Chloe's Reviews > Midnight Mass

Midnight Mass by F. Paul Wilson
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Jun 07, 2009

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bookshelves: horror, not-owned, blood-suckers
Read in June, 2009

So a rabbi, a priest, a psychotic nun and a militant lesbian atheist walk into a bar... Sounds like the beginning of a truly awful joke, doesn't it? That's exactly what I thought when a friend of mine was describing it to me. I'd never read any F. Paul Wilson before and have to admit to not a few ounces of trepidation, yet I am always interested in tales of fiendish bloodsuckers crushing mortals under their heels so figured I'd give it a shot.

Wilson writes in the forward to this quick action read that he wanted to write a book that returned vampires to their crypts and sewers rather than the romantic aesthetes that Anne Rice and Stephanie Meyer have turned these horrors into. The premise is simple: tired of hiding in the shadows, vampires have come out of their coffins and made their existence known to the world. Yet, whereas Charlaine Harris' vampires are interested in co-existing with humankind, Wilson's hordes sweep first across the former Soviet bloc nations and then the rest of the world, bringing humanity to heel and now beginning to begin their incursion in the New World.

Wonderful premise, right? Who doesn't want to hear tales of humankind's war against the cognizant undead (as opposed to the mindless shuffling of zombie hordes)? Sadly, Wilson decides to portray the human resistance as being solely in the hands of disaffected priest, wily rabbi and traumatized nun. Are we really to believe that the rest of the world is so paralyzed by an inability to wrap their head around the fact that vampires actually exist that they just lie back with their throats exposed? No one thought to resist before these three people in New Jersey? Also, once the revolution begins are these ancient creatures so inept that they can't even muster an adequate defense? A lot of characters do a lot of stupid illogical things.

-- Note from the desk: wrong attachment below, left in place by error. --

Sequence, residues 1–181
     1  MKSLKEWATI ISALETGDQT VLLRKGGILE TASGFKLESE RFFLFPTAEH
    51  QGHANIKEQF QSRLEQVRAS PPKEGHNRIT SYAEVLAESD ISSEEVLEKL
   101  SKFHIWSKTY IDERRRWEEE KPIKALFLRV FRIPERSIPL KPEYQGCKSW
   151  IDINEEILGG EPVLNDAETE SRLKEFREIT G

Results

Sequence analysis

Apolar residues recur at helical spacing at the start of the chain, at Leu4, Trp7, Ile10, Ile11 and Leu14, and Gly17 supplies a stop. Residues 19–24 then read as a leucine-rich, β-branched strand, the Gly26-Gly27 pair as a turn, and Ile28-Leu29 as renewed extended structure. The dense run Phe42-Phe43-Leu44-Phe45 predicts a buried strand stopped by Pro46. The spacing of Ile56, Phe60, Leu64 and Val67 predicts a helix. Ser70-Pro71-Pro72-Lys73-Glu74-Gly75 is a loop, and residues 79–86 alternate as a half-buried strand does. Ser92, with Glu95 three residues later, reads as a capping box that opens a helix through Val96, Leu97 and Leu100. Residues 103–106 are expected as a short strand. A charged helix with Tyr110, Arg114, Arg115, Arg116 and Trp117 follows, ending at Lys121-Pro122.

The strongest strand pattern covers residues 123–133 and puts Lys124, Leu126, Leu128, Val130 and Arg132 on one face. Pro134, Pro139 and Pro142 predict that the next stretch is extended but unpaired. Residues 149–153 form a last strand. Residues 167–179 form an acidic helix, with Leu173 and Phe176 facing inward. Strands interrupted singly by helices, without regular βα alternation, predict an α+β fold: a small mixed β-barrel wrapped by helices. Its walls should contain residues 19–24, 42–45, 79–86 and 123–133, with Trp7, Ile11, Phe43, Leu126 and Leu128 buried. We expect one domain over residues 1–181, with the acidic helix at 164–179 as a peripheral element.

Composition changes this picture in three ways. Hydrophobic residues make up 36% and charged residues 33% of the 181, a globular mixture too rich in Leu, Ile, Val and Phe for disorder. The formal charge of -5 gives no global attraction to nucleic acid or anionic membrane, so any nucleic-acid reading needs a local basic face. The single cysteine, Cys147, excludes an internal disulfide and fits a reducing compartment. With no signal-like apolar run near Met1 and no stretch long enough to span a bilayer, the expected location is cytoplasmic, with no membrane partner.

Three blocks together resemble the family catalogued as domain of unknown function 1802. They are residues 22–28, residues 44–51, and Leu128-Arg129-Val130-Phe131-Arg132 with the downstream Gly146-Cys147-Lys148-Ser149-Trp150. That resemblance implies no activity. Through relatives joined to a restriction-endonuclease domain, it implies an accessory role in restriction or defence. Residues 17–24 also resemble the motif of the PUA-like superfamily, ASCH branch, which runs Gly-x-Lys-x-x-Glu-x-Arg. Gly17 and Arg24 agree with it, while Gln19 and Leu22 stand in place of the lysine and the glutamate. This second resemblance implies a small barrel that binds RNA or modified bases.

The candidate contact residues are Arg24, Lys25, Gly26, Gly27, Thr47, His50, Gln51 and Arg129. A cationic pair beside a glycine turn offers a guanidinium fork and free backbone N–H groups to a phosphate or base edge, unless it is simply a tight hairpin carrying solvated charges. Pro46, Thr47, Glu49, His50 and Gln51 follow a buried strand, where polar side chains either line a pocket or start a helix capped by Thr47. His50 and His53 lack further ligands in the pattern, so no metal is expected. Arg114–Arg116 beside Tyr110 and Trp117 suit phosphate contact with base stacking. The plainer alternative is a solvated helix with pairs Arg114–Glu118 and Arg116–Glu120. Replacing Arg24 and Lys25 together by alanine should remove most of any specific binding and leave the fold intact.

Yet that's the world that Wilson chooses to work in so, I guess, as readers we just have to go with it. His vamps are definitely not the emo poseurs of Anne Rice, but true monsters who care not a lick for the fleshbags that make up their meals. Midnight Mass is a fun read that I didn't want to put down and served as a nice distraction from the lengthy tome that has been my primary reading material of late. It definitely makes me interested in reading F. Paul Wilson's highly regarded Repairman Jack books.
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06/04 page 238
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